The artisanal butter at Jean-Yves Bordier’s butter factory in Brittany, France is famous for its quality and hand-made origins. In this Food Insider video, Claudia Romero goes behind-the-scenes at le Beurre Bordier with the third-generation butter maker to learn how his team uses 19th-century techniques to produce 21st century butter.
And it’s harder than it looks. An example: Properly kneading the 50-kilo (110 pound) chunks of butter with malaxage, a teak wood wheel technique that requires strong arms and three years of training. Why three years?
Because the sun and the rain never fall the same way every year. And it’s the sun and rain that are going to give flavor to the grass and to the land, which cows have to like and that seasons are going to set to music. Spring, summer, fall, winter. And to learn how to discover butter, which is the result of what animals eat, you need three years.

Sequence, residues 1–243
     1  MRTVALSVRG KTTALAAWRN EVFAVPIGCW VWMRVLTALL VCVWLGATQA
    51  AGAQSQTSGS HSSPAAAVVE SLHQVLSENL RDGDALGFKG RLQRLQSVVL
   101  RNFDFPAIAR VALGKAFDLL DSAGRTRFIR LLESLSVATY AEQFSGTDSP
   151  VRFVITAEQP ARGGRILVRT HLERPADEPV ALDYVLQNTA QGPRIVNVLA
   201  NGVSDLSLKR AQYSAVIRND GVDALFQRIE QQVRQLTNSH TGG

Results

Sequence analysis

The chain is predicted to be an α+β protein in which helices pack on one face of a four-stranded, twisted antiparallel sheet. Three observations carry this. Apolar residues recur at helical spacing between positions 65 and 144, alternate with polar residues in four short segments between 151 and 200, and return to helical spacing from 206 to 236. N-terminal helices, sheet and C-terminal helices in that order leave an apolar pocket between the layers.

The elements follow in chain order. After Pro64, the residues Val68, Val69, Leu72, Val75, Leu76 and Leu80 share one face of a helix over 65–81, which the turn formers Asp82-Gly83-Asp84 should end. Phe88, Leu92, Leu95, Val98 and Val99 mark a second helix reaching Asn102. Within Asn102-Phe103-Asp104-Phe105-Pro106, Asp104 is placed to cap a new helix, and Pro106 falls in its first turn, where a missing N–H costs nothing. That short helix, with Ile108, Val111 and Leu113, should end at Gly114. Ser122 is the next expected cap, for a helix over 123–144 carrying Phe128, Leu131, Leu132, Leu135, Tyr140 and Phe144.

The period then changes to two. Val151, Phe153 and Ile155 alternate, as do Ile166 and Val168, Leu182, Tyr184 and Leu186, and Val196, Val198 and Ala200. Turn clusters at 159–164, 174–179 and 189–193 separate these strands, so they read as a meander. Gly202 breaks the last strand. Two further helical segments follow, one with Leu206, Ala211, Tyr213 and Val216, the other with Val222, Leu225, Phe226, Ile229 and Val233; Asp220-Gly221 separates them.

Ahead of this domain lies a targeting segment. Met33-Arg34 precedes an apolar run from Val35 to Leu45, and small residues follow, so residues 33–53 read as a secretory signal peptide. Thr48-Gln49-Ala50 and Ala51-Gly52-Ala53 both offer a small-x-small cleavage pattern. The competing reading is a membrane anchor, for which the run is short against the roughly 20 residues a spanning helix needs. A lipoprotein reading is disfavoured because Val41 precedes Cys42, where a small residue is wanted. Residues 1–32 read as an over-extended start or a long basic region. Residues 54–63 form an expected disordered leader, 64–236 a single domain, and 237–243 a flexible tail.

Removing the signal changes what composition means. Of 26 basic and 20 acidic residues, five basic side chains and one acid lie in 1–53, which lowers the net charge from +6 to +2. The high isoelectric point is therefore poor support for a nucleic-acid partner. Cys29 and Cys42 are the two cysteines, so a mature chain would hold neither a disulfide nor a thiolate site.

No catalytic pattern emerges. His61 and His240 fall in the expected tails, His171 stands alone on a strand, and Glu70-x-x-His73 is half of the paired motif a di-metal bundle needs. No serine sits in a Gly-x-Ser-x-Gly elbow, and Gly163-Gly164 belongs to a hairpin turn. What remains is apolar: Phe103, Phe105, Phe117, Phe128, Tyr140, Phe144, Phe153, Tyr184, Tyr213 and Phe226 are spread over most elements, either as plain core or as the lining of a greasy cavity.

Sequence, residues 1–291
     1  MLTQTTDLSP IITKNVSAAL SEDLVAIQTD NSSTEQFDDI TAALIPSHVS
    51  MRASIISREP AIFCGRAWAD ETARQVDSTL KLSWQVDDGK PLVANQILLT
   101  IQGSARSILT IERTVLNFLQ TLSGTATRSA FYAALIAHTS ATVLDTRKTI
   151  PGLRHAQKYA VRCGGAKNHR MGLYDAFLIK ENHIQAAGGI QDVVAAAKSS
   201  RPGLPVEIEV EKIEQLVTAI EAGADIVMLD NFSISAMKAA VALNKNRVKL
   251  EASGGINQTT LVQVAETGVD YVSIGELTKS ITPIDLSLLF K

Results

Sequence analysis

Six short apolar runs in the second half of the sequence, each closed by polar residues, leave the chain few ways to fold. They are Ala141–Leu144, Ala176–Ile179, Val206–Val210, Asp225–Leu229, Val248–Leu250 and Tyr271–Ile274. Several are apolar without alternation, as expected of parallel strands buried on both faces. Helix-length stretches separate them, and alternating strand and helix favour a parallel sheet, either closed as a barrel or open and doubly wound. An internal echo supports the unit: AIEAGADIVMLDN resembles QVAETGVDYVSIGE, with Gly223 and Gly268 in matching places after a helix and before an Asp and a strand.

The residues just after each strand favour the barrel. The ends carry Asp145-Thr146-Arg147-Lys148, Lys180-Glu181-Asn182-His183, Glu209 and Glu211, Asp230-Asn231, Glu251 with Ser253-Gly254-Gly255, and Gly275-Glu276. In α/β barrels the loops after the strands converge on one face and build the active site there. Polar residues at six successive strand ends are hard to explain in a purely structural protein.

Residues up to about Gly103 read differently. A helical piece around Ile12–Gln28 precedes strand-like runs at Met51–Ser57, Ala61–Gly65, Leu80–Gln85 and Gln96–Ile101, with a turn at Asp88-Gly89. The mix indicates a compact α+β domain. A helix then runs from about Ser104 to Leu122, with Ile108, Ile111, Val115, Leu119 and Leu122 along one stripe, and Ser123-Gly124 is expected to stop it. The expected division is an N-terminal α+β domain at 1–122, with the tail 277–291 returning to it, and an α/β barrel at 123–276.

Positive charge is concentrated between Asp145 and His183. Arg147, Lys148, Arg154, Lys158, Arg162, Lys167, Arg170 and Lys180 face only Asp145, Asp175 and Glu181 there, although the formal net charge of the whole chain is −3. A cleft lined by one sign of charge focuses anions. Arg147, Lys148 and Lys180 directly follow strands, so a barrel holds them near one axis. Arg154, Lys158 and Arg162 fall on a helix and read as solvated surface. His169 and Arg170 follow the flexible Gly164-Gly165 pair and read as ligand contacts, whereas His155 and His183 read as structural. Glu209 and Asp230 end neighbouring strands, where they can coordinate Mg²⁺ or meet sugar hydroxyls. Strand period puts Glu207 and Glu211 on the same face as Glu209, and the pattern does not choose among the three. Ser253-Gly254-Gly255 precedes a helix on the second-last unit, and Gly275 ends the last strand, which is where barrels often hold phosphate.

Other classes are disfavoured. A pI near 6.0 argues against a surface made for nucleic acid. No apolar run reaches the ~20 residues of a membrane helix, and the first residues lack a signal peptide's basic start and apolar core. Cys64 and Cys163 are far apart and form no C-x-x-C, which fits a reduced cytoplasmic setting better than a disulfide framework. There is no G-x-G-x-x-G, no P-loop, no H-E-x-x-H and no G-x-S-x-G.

Their site expands on this poetic concept:
Kneading times differ according to the quality of the butter, the temperature, the weather, the feed given to the cattle (silage in winter, grass and fresh flowers in summer), and the seasons: around 25 minutes in the winter compared to only 15 in the summer. It is only at traditional manufacturers’ can one still find a seasonal difference in production techniques. “Butter is nature’s blotting paper,” underlines Jean-Yves Bordier.
Learn more about their butter-making at le Beurre Bordier. Then watch another video from the factory: Chef Ludo Lefebvre visits the Bordier Butter Factory.
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